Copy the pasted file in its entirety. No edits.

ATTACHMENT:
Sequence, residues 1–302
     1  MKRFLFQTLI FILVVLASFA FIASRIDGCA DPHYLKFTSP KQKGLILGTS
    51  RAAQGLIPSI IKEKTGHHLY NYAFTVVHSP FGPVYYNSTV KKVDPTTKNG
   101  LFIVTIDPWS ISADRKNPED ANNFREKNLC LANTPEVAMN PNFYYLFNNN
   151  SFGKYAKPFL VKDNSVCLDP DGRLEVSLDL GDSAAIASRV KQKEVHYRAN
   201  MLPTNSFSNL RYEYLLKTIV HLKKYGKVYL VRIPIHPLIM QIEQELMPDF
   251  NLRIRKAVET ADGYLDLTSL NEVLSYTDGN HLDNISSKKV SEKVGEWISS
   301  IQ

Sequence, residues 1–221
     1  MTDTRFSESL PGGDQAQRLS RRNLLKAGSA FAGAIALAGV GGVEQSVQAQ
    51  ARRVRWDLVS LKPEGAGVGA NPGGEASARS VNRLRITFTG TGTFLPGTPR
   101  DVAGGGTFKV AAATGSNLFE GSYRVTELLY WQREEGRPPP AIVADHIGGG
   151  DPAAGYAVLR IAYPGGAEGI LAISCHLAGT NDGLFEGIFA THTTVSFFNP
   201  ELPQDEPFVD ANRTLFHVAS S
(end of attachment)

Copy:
Sequence, residues 1–302
     1  MKRFLFQTLI FILVVLASFA FIASRIDGCA DPHYLKFTSP KQKGLILGTS
    51  RAAQGLIPSI IKEKTGHHLY NYAFTVVHSP FGPVYYNSTV KKVDPTTKNG
   101  LFIVTIDPWS ISADRKNPED ANNFREKNLC LANTPEVAMN PNFYYLFNNN
   151  SFGKYAKPFL VKDNSVCLDP DGRLEVSLDL GDSAAIASRV KQKEVHYRAN
   201  MLPTNSFSNL RYEYLLKTIV HLKKYGKVYL VRIPIHPLIM QIEQELMPDF
   251  NLRIRKAVET ADGYLDLTSL NEVLSYTDGN HLDNISSKKV SEKVGEWISS
   301  IQ

Sequence, residues 1–221
     1  MTDTRFSESL PGGDQAQRLS RRNLLKAGSA FAGAIALAGV GGVEQSVQAQ
    51  ARRVRWDLVS LKPEGAGVGA NPGGEASARS VNRLRITFTG TGTFLPGTPR
   101  DVAGGGTFKV AAATGSNLFE GSYRVTELLY WQREEGRPPP AIVADHIGGG
   151  DPAAGYAVLR IAYPGGAEGI LAISCHLAGT NDGLFEGIFA THTTVSFFNP
   201  ELPQDEPFVD ANRTLFHVAS S